The Jazz Legacy of Jim Pepper: An American Original

Jim Pepper’s Saxophone Donated to National Museum of the American Indian

with 2 comments

Posted August 2008.

These photos were taken in April 2007, at the Smithsonian’s National Museum of the American Indian, when Pepper’s silver Selmer saxophone (reportedly found for him by Pharoah Sanders, and desperately longed for by the Selmer company for their mseum), his beaded baseball cap (with eagle feather), his turtle rattle, some music sheets written by him, some old albums, and his saxophone cases were donated “in perpetuity” to the Museum — thanks in good part to the efforts of his sister Suzie Pepper Henry and his nephew Jim Pepper Henry, who happened to be an assistant director at the museum at the time (I could be wrong on Jim’s title — so please correct me if so).

The “Remembrance Band” played to two standing-room-only crowds that day — including Pepper bandmates, Caren Knight-Pepper (vocals), Gordon Lee (piano), Ed Schuller (bass), Bill Bickford (electric guitar), and Steve Johns (drums). Standing in for Pepper on tenor and soprano sax, and finishing off the final song of the final set with Pepper’s own sax, was Dennis Springer, who was said by Pepper’s mother, Floy, to embody Jim’s spirit like no other sax player she knew of. Also performing were Pepper compatriots, the drumming circle Yellowhammer.

Enjoy!

Jim Pepper's sax and cases, beaded cap, turtle rattle and other items on display

Jim Pepper’s sax and cases, beaded cap, turtle rattle and other items on display

Up close and personal with the sources of the music's power
Up close and personal with the sources of the music’s power

Noone was sure how it would sound after almost 20 years of non-use. It sounded beautiful!

Noone was sure how it would sound after almost 20 years of non-use. It sounded beautiful!

Caren and Jim's Spirit

Caren and Jim’s Spirit

MORE TO COME — VISIT OFTEN!!

[All above photos taken and copyright (c) 2007, by Bill Siegel.

Please contact me if you’d like copies (siegel713@gmail.com)

Written by Bill Siegel

August 2, 2008 at 11:31 pm

2 Responses

Subscribe to comments with RSS.

  1. Dennis Springer is a great jazz musician and long-time friend. For our wedding day, Dennis Springer played sax, Linda Hornbuckle sang, and Joe Heineman played keyboards. We had the best music ever. Dennis stopped in to visit us at our restaurant, Terrace Kitchen, in Lake Oswego, OR. while home visiting family and friends, and told us the story of him playing at the NMAI. My husband, Fernando Divina, and I were on the Design and Development Team for the NMAI, designing The Mitisitam Cafe and all of its original recipes and menus. Close friends come full circle. Thanks for writing about Dennis. His original music is glorious.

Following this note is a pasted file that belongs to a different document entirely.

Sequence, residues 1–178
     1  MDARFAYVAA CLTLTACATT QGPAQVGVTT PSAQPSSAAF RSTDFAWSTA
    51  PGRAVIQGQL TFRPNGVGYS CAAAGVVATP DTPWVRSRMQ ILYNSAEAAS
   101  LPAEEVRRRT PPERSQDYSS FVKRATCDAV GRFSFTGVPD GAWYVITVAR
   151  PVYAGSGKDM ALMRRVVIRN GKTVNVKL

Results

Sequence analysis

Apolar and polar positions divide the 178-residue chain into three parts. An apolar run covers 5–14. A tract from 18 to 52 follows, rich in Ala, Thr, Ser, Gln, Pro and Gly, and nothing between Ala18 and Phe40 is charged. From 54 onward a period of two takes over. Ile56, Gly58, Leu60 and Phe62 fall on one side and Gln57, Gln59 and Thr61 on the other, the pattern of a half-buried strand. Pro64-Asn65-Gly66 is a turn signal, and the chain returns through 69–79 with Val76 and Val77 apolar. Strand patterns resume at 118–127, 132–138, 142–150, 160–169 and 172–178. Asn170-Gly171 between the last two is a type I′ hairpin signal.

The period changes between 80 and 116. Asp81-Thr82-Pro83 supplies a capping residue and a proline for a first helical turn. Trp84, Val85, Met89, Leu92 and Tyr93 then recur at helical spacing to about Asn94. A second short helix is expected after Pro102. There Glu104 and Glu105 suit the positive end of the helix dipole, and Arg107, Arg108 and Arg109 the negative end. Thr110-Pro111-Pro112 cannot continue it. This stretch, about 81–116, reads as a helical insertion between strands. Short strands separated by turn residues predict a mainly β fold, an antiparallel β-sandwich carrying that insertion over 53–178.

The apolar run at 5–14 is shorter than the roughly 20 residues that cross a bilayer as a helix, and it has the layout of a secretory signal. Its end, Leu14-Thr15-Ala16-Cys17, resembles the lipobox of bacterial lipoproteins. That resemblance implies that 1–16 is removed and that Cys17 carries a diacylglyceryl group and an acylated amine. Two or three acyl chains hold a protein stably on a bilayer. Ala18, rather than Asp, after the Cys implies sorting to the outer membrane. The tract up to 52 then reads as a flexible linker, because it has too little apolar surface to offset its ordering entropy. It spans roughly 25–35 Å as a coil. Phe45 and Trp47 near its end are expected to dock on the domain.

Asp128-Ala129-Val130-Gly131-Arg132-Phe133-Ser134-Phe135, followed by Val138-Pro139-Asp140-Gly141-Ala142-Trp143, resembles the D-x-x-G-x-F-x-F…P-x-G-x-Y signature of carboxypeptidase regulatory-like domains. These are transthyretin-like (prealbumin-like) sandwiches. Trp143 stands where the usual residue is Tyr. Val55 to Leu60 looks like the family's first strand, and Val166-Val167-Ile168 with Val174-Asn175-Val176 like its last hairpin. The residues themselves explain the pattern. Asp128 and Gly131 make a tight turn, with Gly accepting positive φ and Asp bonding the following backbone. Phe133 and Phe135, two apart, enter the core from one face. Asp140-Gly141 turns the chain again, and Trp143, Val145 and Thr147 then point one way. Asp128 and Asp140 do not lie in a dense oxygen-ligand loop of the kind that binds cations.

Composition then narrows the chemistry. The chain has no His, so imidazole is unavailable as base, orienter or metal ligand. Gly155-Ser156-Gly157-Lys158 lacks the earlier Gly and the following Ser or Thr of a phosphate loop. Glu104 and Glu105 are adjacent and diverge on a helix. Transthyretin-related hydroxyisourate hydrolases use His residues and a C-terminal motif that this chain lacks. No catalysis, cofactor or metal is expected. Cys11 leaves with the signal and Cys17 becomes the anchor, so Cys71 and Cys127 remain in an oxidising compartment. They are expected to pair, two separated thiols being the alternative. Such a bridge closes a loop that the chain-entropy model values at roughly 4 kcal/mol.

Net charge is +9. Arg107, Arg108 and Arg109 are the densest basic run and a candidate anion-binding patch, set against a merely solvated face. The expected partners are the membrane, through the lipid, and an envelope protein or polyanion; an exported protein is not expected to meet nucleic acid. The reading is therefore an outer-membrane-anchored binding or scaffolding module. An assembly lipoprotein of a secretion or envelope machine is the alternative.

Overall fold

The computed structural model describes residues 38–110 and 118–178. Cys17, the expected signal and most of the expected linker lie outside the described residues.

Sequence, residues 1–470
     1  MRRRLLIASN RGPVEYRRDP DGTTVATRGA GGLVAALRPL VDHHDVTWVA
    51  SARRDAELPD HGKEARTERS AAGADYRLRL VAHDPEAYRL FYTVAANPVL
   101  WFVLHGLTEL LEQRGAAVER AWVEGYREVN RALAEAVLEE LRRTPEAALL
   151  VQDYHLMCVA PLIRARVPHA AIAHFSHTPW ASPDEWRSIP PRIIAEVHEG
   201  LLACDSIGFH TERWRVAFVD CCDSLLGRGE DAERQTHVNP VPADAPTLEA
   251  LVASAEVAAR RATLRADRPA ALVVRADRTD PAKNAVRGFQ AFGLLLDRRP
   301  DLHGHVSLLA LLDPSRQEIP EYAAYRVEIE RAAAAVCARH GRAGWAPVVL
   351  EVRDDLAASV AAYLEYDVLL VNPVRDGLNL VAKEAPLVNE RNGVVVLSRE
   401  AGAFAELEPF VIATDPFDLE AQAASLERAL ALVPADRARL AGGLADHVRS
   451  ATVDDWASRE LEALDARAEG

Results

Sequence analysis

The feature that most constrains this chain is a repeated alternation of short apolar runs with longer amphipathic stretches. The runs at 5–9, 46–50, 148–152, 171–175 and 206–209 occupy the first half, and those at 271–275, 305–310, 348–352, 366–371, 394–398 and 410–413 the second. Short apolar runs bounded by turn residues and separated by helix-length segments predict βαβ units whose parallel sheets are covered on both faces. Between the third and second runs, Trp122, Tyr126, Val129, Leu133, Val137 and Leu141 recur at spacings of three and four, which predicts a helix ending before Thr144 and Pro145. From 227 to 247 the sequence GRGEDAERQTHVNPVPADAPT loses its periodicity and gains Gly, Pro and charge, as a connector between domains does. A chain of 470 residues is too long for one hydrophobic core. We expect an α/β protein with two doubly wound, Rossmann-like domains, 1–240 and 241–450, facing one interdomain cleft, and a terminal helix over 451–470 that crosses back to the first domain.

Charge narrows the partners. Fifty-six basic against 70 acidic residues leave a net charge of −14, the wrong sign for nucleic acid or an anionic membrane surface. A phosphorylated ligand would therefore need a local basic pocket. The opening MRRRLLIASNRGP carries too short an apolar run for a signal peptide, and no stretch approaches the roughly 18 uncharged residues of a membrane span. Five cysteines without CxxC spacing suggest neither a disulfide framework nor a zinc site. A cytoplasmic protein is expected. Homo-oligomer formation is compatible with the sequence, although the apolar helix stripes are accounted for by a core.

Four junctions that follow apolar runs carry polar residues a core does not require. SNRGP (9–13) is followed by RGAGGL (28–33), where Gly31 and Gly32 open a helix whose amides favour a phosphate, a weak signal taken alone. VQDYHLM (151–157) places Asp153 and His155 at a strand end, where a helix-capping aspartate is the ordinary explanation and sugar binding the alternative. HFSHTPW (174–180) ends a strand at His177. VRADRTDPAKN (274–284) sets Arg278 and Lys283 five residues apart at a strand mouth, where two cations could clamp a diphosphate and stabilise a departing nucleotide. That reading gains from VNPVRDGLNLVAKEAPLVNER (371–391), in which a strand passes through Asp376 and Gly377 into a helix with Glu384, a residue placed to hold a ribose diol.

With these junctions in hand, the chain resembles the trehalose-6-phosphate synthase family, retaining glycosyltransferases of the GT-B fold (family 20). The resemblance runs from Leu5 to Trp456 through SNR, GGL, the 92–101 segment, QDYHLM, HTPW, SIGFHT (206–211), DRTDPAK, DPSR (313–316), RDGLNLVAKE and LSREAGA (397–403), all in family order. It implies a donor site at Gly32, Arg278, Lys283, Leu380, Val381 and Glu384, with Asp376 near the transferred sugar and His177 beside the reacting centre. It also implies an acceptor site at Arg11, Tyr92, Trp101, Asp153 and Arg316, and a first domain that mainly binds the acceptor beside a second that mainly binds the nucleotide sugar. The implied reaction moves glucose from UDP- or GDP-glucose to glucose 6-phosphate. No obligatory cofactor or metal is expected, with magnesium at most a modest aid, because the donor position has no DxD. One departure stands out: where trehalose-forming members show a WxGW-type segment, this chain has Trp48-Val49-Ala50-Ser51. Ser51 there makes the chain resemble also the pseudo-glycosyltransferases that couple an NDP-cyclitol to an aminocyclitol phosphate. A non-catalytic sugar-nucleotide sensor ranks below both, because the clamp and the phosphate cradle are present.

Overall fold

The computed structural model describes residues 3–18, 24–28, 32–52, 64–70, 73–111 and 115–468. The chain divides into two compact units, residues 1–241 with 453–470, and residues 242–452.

Marlene Divina

    August 20, 2011 at 3:49 pm

  2. Great photos of a seminal moment in American Indian history. I listened to Jim Pepper and later Karen Knight in the 70’s in Portland and became close to Dennis Springer. We, Marlene Divina – Chippewa, Cree, Assiniboine – and I worked as Design and Development Team members for the NMAI where we conceptualized the food servery. We are thrilled that Jim Pepper shall be immortalized and his story accessible to the public. His story will unquestionably influence those with interest in overcoming life’s obstacles. Fernando Divina 8-20-11 Lake Oswego, OR

    Fernando Divina

    August 20, 2011 at 4:22 pm


Leave a Reply

Fill in your details below or click an icon to log in:

WordPress.com Logo

You are commenting using your WordPress.com account. Log Out / Change )

Twitter picture

You are commenting using your Twitter account. Log Out / Change )

Facebook photo

You are commenting using your Facebook account. Log Out / Change )

Google+ photo

You are commenting using your Google+ account. Log Out / Change )

Connecting to %s

%d bloggers like this: